Action Required: Child Nutrition Act
This just in from the Consortium to Lower Obesity in Chicago Children:
As many of you are aware, the federal Child Nutrition Act is (over)due for reauthorization. The Senate Agriculture Committee unanimously passed a strong child nutrition bill, Healthy, Hunger-free Kids Act (S. 3307), out of committee, and last week, the House of Representatives passed their version of the bill, Improving Nutrition for America’s Children Act (H.R. 5504), out of committee. Both of these bills reauthorize several major federal food programs including the National School Lunch and Breakfast Programs, the Special Supplemental Program for Women, Infants and Children (WIC), and the Child and Adult Care Food Program (CACFP). However, if the Child Nutrition Act is not reauthorized before Congress goes on recess in two short weeks, we risk losing the historic investments and improvements for child nutrition programs included in the bills. For example, although at CLOCC we do not feel that the proposed meal reimbursement rate is adequate, if Congress does not take action now, schools would miss out on millions of dollars in meal reimbursements and the opportunity to finally get unhealthy food out of school vending machines. Please urge your Senator and Representative to work with their leadership to move their respective child nutrition bill to the floor and pass it now.
A model letter/email that you can adapt for your organization and send is provided below. (Remember: The more organizations that they hear from, the better!) Your email today can help make improvements to child nutrition programs a reality by the beginning of the next school year. Thank you for advocating on behalf of these bills.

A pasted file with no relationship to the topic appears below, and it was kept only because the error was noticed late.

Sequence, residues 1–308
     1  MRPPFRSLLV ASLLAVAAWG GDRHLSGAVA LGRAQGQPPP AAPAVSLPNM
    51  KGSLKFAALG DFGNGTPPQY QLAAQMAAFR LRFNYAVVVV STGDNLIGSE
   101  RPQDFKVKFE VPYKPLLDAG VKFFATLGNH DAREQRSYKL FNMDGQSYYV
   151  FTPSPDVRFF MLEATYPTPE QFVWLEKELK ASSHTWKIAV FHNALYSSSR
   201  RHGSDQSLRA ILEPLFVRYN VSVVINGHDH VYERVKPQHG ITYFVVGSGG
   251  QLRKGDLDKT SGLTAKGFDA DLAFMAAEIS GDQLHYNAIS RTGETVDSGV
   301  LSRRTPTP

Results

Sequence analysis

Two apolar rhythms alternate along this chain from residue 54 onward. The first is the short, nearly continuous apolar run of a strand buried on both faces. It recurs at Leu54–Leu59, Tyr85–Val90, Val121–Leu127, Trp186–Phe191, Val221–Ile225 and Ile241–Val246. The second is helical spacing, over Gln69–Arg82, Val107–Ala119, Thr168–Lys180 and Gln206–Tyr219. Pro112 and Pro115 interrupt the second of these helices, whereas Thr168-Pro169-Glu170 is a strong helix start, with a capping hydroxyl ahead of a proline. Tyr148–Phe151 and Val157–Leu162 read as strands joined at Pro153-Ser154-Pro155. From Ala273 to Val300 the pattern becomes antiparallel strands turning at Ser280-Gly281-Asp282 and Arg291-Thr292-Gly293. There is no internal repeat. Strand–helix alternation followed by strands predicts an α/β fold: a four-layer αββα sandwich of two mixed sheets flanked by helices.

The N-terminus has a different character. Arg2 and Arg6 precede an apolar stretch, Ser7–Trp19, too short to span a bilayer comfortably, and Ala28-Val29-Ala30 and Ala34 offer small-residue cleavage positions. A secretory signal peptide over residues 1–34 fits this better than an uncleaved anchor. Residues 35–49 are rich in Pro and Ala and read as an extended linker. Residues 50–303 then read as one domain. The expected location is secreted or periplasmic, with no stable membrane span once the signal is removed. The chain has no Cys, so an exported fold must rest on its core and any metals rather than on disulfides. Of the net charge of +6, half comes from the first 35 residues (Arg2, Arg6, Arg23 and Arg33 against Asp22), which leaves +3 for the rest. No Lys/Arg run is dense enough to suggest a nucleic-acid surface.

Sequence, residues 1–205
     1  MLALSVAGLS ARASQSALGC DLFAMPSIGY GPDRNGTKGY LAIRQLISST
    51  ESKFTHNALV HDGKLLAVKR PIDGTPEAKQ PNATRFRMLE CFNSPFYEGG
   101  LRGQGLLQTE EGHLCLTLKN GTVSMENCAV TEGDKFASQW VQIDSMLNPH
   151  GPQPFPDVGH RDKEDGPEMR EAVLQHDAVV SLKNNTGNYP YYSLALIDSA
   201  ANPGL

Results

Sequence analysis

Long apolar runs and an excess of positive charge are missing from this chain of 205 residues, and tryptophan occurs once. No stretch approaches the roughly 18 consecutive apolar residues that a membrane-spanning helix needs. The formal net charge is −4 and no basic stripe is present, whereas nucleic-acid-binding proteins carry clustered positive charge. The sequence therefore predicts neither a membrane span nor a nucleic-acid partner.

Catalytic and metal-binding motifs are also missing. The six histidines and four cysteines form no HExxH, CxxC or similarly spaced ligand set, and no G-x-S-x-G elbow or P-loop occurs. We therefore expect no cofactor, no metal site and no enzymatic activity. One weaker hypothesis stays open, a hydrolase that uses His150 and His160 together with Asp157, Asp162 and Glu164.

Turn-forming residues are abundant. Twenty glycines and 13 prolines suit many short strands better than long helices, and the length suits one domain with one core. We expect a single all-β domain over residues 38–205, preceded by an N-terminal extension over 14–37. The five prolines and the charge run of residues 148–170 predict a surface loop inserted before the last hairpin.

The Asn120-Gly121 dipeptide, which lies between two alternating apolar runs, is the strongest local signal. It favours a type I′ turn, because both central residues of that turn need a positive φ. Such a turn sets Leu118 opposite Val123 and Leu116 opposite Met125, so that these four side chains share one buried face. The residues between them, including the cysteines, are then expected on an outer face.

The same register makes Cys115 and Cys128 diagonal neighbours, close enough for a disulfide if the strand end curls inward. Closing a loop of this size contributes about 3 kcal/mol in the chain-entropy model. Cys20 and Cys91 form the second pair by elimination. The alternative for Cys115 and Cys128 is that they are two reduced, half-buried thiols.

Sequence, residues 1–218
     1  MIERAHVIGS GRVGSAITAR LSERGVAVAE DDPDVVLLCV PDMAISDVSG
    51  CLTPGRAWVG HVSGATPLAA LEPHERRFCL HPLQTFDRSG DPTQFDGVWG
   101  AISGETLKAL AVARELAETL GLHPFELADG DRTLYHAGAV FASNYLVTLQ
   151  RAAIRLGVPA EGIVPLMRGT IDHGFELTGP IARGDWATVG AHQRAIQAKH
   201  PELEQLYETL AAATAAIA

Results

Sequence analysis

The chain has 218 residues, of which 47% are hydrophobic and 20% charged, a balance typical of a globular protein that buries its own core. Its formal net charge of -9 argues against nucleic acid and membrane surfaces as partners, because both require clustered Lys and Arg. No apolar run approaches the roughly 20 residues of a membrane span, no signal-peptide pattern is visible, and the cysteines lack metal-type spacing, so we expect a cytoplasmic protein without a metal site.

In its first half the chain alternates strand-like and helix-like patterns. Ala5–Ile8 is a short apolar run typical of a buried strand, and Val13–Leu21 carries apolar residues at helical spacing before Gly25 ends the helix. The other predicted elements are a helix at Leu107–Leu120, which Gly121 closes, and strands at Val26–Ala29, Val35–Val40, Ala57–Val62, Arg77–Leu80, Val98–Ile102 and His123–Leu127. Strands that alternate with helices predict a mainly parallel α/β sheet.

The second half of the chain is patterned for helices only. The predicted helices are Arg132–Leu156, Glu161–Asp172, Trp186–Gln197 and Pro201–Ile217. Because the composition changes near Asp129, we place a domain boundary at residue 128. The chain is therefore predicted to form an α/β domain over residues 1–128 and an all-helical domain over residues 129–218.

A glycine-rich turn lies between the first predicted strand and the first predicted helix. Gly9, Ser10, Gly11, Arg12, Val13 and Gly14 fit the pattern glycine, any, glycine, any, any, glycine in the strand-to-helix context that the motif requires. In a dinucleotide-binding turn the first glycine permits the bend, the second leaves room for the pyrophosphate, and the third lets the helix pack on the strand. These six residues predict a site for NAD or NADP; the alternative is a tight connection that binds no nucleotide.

Dear Senator/Representative _______________:
Congress has a lot on its plate this legislative session, but it needs to address what’s on kids’ plates – now! Renewal of the child nutrition programs has been delayed for a year. However, our children cannot wait any longer. More than 12.5 million American children are now considered obese or overweight. Also, in this tough economy, American families are struggling to make ends meet, and depend on the school lunch, breakfast, and other child nutrition programs to feed their families. If (insert the name of the Senate or House Child Nutrition bill) does not pass:
• Unhealthy food remains in school vending machines.
• Schools will lose millions a year in new meal reimbursements.
• There will be no new improvements to nutrition and physical activity in school and child care settings.
Please reach out to your leadership and urge them to move (the Senate or House child nutrition bill) to the floor for a vote now. I look forward to hearing from you about the prospects for passing (the Senate or House child nutrition bill) this summer.